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Transform data

Snaplet transforms the data in your database via JavaScript callbacks. This "Transformation Function" is associated to the structure of your database. As an example if you have a Users table that contains an email column you would create the following:

// .snaplet/transform.ts
import { copycat } from '@snaplet/copycat';
import type { Transform } from './structure';

export const config: Transform = () => ({
public: {
Users() {
return {
email: 'my-new-email@example.org',
};
},
},
});

When a snapshot is captured the email column is transformed to the value "my-new-email@example.org," which is exactly what we wanted, but you probably want to generate a bunch of emails so the data looks realistic.

That's where @snaplet/copycat comes in! It's a library that generates deterministic fake values: by supplying an input (the original email address), copycat returns a static value (a fake email address). As long as the input remains the same, the output will remain the same.

Example:

// .snaplet/transform.ts
import { copycat } from '@snaplet/copycat';
import type { Transform } from './structure';

export const config: Transform = () => ({
public: {
Users({ row }) {
return {
email: copycat.email(row.email), // zakary.block356@gmail.com
};
},
},
});

Each Transformation Function receives a row object that contains the original row's values, this allows you to perform conditional transformations, mutate a JSON object, or create deterministic faker values.

// .snaplet/transform.ts
import { copycat } from '@snaplet/copycat';
import type { Transform } from './structure';

export const config: Transform = () => ({
public: {
Users({ row }) {
// Transform our user's data, not our developer's data.
if (row.role !== 'SUPERUSER') {
return {
name: copcat.fullName(row.name),
email: copycat.email(row.email),
password: copycat.password(row.password),
};
}
},
},
});

Copycat is open-source and has templates for names, addresses, phone numbers and many other common transformations!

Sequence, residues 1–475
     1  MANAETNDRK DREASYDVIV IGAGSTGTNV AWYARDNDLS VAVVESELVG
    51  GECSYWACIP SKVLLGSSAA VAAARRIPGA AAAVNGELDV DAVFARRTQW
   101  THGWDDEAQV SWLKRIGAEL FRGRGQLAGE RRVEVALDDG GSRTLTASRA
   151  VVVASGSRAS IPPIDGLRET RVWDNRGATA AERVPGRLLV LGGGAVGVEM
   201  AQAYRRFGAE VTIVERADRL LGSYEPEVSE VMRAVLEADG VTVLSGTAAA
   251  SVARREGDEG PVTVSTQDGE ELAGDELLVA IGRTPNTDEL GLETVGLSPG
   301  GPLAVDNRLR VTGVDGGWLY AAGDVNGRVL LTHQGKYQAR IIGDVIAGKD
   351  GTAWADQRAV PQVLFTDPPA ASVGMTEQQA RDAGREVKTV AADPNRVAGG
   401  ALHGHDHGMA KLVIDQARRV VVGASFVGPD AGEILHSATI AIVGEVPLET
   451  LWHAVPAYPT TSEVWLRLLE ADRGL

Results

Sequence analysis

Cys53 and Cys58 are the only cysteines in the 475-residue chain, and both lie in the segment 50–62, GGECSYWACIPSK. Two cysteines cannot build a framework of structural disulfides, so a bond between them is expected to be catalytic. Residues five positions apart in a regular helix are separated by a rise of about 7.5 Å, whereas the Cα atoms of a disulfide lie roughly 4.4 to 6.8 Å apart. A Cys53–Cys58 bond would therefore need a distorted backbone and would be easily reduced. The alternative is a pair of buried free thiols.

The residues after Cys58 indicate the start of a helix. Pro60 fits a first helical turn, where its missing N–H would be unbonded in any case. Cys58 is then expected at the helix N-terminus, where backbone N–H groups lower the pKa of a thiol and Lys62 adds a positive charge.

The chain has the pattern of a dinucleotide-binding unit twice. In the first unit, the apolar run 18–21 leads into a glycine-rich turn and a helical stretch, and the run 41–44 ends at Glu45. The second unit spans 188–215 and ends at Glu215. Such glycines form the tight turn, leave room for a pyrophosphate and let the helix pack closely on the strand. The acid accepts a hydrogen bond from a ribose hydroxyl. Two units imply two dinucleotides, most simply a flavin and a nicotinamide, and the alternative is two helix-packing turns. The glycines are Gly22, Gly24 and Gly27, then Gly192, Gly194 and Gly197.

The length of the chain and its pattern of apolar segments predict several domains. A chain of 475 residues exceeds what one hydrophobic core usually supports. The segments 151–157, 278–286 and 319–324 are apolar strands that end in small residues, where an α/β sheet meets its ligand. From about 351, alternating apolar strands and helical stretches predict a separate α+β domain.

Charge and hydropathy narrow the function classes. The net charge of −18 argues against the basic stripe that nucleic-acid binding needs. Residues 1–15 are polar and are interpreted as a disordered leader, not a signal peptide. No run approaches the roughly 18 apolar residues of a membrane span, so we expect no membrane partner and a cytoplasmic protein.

Getting started

We believe that a good developer experience is when developer's are in flow, so it's our goal to "work where you work" by providing programatic primitives for transforming the data in your database, and integrating those with your development worflow.

Be one with the database!

To transform the data in your database Snaplet needs two things:

  1. A connection URL to the database that you want to transform (This can be your development database).
  2. A .snaplet/transform.ts file.

Setup: Generating transformation files

Run snaplet config setup at the root of your codebase (in your git repo), so that the configuration and transformations files are shared with the rest of your team.

✔ Connection string … postgresql://localhost/snaplet_development
✔ Database connection: Testing...
✔ Project file config.json: Creating...
✔ Database connection: Testing...
✔ Database structure: Instrospecting...
✔ Project file transformations.d.ts: Creating...
✔ Project file transformations.js: Creating...

The first thing Snaplet needs is a connection string to your database, we use this to introspect your database and make transformation suggestions for columns that could contain personally identifiable information.

Regenerate these files with snaplet config generate --type=typedef,transformations

You can add the .snaplet/transformations.d.ts and .snaplet/snapshots to your .gitignore configuration.

tip

A user account is not required, you only need a user account if you want to share snapshots with your team.

Validation: Testing Transformation Functions

Snaplet Proxy is "live reload" for your Transformation Functions. It runs between your database and database client whilst applying transformations to the data.

snaplet proxy
Listening on postgresql://localhost:2345...

You'll be able to connect to postgresql://localhost:2345, where each query is passed along to your database, but the response is transformed in realtime via Transformation Functions.

Dealing with character limits

One challenge when it comes to replacing data, is that some character varying (varchar) columns have a defined maximum character length.

For example, lets say you had an address column with the type varchar(16). Simply using copycat.postalAddress() for this column would not always work, since copycat might give back an address that is longer than 16 characters.

In these cases, copycat.scramble might be more helpful for you: it transforms each character in the string, but preserves the string's length. Since the original value is less than the character limit, the transformed result will also be.

// .snaplet/transform.ts
import { copycat } from '@snaplet/copycat';
import type { Transform } from './structure';

export const config: Transform = () => ({
public: {
Users({ row }) {
return {
address: copycat.scramble(row.address, {
preserve: [',', ' '],
}), // '741 Hazle Forks, Carmel 8164, Dominica' => 'tqynqduk@qjlrftv.fig'
};
},
},
});

Snaplet will also account for character limits this way when generating an example transform.ts config for you: if Snaplet sees a column containing PII that has a character limit, the example transform.ts config we generate for you will instead make use of copycat.scramble for that column.